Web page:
The Independent Scientific Advisory Board (ISAB) is pleased to submit its report “Columbia River Food Webs: Developing a Broader Scientific Foundation for Fish and Wildlife Restoration” to the Council, the Columbia River Basin Indian Tribes, and NOAA Fisheries.
Food webs relate directly to the Council’s Columbia River Basin Fish and Wildlife Program, which seeks to establish and maintain an ecosystem that sustains an abundant, productive and diverse community of fish and wildlife. Furthermore, food webs reveal insights into basic properties underpinning productivity and resilience that cannot be obtained from an exclusive focus on hydrosystem, habitat, hatcheries and harvest (the four H’s). Food webs fuel the ecosystem, providing the theme for this review. The ISAB suggests that incorporating a food web perspective into management efforts will help sustain the ecological system, provide for more productive and resilient fisheries, and would complement other approaches – such as the focus on habitat restoration – and thereby enhance our collective ability to meet the Council’s vision.
Food webs describe pathways by which energy, nutrients and other materials make their way to species of cultural and economic interest. While food webs are often thought of as reflections of habitat, many other factors shape their internal organization, linkages, productivity and resilience. Species diversity, the mix of native and non-native species, chemical contaminants, habitat carrying capacity, nutrient delivery and cycling, competition, predation, parasites, disease and associated system-scale processes are all deeply involved in shaping food webs. Nevertheless, highly complex food webs have been successfully manipulated at large scales to improve water conditions as well as recreational fisheries while, at the same time, ill-advised manipulations have resulted in serious environmental issues.
In February 2009, the ISAB Administrative Oversight Panel asked that the ISAB provide a fundamental understanding of aquatic food webs in the Columbia River Basin and their effects on native fish restoration efforts. The scope of the review includes tributaries, riparian zones, impoundments and the mainstem Columbia and Snake rivers, as well as the estuary and plume. The ISAB notes that the Council’s Fish and Wildlife Program and the NOAA Fisheries’ recovery strategies only tangentially consider impacts of changes to food webs and implicitly assume stable conditions. Moreover, substantial changes in physical conditions and in biotic communities, combined with the ongoing proliferation of non-native species and hatchery-reared fish, have resulted in hybrid assemblages of organisms and environmental conditions. Together, these changes have reverberated throughout the Columbia Basin affecting the aggregate carrying capacity of the river to produce wild fish. Further, abundant and widespread use and discharge of chemical contaminants have further affected the ability of food webs to drive biotic production in unknown ways. Collectively, these and other findings detailed in the report suggest that food web processes have been profoundly altered with largely un-quantified impacts on the success of restoration efforts and the status of Columbia River Basin fish and wildlife populations.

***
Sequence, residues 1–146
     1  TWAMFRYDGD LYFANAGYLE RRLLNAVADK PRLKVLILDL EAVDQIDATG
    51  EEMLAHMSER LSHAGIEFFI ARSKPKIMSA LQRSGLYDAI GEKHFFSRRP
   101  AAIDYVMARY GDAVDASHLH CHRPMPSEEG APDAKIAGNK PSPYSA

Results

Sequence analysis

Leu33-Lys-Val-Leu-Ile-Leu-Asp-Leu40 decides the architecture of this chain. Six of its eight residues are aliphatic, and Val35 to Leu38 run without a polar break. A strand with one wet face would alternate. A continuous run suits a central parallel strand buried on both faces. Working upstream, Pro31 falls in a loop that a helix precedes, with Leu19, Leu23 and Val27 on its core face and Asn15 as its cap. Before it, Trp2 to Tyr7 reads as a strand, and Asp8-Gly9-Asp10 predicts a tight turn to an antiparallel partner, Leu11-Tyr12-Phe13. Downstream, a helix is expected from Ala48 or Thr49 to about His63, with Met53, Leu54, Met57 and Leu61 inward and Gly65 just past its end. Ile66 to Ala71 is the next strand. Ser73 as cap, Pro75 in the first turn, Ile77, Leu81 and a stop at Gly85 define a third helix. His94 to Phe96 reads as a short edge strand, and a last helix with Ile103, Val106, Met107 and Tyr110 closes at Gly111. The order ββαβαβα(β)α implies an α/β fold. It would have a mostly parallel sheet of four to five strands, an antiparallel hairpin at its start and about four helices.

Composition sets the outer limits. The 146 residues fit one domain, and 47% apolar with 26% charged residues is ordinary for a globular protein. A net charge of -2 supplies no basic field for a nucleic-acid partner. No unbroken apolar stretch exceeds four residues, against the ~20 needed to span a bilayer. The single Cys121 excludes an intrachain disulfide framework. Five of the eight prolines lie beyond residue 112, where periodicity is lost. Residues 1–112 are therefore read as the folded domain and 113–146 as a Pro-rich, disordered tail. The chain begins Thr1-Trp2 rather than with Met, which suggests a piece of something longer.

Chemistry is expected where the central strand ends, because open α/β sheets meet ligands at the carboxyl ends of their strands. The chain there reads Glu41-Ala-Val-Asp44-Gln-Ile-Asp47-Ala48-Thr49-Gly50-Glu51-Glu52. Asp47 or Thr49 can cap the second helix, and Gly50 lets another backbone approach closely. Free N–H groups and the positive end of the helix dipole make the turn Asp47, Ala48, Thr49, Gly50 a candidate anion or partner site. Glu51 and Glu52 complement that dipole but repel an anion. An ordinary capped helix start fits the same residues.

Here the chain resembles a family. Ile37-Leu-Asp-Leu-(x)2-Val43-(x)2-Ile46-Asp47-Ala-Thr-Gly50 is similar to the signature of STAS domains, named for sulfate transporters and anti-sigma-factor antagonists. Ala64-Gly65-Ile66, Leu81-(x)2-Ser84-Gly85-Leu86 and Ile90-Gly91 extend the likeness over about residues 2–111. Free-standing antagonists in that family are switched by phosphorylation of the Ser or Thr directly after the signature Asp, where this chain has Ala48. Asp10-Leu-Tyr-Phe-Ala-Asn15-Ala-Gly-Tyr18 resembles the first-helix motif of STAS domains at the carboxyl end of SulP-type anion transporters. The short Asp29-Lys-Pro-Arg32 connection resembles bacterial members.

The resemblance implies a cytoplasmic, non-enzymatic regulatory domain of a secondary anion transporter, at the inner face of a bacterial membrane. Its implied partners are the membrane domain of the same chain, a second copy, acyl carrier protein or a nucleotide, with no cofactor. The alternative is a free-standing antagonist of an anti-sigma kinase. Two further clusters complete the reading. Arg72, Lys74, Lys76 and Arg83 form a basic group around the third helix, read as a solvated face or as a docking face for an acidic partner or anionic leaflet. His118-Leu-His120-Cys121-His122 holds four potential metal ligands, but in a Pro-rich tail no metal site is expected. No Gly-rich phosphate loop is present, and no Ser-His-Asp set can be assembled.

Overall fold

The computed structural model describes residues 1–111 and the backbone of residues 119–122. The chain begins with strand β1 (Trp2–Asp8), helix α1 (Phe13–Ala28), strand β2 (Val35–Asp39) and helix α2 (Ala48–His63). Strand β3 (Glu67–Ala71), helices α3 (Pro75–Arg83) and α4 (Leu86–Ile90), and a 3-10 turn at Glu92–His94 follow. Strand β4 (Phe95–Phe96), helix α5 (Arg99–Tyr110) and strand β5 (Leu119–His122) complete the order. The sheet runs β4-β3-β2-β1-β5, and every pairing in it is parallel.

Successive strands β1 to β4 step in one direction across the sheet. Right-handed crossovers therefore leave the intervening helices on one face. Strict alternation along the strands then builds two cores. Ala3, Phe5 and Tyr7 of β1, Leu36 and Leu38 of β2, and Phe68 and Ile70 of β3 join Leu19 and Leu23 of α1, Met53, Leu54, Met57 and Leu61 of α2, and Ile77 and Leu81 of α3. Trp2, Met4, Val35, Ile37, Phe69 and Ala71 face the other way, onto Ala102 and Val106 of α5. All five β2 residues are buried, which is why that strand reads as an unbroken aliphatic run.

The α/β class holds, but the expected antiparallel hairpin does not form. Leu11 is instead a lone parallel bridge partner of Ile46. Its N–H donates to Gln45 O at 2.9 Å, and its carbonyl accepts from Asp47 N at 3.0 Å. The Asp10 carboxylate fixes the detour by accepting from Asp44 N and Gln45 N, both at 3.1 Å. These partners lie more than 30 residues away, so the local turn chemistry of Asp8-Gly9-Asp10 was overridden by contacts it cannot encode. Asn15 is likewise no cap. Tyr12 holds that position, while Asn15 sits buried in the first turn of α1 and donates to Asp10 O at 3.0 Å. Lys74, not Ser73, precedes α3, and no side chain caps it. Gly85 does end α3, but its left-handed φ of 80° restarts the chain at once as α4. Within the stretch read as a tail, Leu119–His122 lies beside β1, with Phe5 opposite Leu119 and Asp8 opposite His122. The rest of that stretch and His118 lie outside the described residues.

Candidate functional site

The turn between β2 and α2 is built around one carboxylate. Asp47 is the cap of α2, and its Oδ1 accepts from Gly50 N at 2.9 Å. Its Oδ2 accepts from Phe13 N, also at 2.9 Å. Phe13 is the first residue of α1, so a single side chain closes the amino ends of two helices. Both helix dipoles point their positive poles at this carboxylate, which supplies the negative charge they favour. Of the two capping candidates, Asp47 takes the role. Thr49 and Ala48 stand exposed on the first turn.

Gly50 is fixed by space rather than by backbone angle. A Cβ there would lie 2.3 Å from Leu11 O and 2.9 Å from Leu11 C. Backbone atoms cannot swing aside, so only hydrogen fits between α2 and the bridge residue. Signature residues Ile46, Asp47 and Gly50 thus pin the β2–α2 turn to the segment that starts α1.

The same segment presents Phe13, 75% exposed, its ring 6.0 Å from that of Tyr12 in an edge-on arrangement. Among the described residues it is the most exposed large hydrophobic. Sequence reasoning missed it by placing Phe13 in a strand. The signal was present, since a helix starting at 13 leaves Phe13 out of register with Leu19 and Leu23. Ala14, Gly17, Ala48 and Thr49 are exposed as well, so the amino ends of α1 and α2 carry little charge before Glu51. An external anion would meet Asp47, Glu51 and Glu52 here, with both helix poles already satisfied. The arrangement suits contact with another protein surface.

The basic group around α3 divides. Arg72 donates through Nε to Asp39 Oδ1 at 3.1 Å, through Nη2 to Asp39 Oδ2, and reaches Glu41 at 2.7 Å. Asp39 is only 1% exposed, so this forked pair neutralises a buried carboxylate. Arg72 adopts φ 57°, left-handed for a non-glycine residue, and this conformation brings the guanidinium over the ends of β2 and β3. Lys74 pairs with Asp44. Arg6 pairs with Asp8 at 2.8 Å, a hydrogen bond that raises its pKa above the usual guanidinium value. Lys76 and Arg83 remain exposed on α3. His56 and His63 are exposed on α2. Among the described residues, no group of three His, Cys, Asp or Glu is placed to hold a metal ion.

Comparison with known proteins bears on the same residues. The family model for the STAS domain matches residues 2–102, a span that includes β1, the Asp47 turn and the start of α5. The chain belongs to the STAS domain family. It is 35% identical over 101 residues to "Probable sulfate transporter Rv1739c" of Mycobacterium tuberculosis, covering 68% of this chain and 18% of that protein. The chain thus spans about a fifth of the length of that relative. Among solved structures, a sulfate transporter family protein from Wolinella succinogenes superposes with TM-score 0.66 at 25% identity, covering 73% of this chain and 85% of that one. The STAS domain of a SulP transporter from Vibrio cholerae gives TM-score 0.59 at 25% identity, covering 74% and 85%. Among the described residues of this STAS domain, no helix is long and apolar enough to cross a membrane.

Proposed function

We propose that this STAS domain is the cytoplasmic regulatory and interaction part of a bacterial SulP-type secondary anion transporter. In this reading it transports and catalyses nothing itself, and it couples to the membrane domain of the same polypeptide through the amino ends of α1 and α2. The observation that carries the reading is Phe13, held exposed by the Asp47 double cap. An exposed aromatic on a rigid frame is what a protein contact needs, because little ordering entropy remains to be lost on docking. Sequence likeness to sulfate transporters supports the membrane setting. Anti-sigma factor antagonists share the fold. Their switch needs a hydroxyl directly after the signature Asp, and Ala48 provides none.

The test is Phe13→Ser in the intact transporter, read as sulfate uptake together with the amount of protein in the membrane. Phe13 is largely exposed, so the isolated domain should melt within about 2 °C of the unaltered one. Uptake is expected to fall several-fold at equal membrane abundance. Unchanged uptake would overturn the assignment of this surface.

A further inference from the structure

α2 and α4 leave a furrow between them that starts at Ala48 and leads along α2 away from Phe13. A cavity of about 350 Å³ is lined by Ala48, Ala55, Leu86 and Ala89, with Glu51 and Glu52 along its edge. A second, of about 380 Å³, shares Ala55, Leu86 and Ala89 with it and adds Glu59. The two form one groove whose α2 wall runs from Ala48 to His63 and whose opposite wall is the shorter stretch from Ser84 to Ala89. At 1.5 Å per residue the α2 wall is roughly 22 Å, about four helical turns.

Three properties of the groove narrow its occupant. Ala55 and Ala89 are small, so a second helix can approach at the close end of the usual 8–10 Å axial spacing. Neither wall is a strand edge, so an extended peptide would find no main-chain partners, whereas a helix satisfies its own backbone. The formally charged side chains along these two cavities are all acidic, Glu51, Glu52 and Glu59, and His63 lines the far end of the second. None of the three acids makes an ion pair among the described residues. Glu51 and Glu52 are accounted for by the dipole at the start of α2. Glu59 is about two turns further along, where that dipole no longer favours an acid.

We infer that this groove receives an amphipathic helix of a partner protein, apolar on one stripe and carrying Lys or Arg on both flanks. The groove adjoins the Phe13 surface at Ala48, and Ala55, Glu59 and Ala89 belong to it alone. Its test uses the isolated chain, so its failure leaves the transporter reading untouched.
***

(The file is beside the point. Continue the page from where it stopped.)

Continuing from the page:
The report has five complementary sections:
The four appendices describe a variety of methods used in food web investigations (Appendix A), the legal and policy web surrounding restoration activities in the Basin (Appendix B), pesticides used in the Basin (Appendix C), and give a list of common and scientific names used in the report (Appendix D).
The food web-related issues addressed in the report are numerous and complex, more so than initially imagined. Therefore, the ISAB felt that suggesting a time-prioritized action plan would be important. The ISAB proposes that the Council consider a 12-year plan with an estimated total cost of at least $20-25 M. The estimate is given only to provide an initial sense of the scope and scale of food web issues. Specific activities could be nested within the existing Fish and Wildlife Program, representing ~1% of annual budget. Some suggested projects fall naturally under Monitoring, as they involve determination of the state of the system, both in advance of intervention and for progressive monitoring as the effort unfolds. Some fall under Habitat, as they involve efforts at habitat manipulation and/or restoration/reclamation. Some fall under Production, as they involve adjustments to rearing and releasing fish, in what numbers, and where. The rest of the suggested activities fall under Research, particularly those aimed at filling information gaps.
Consideration of food web processes in fish and wildlife planning will help frame recovery actions that have a higher probability of achieving stated objectives over the coming decades. The identification of the types, location, and intensity of potential food web impacts on fish and wildlife should help ensure the long-term success of projects supported by the Fish and Wildlife Program. The ISAB is optimistic that this report will be used to inform the Council’s efforts in selecting projects, implementing the research plan, providing monitoring and evaluation guidance, and continuing the development of subbasin plans and provincial objectives.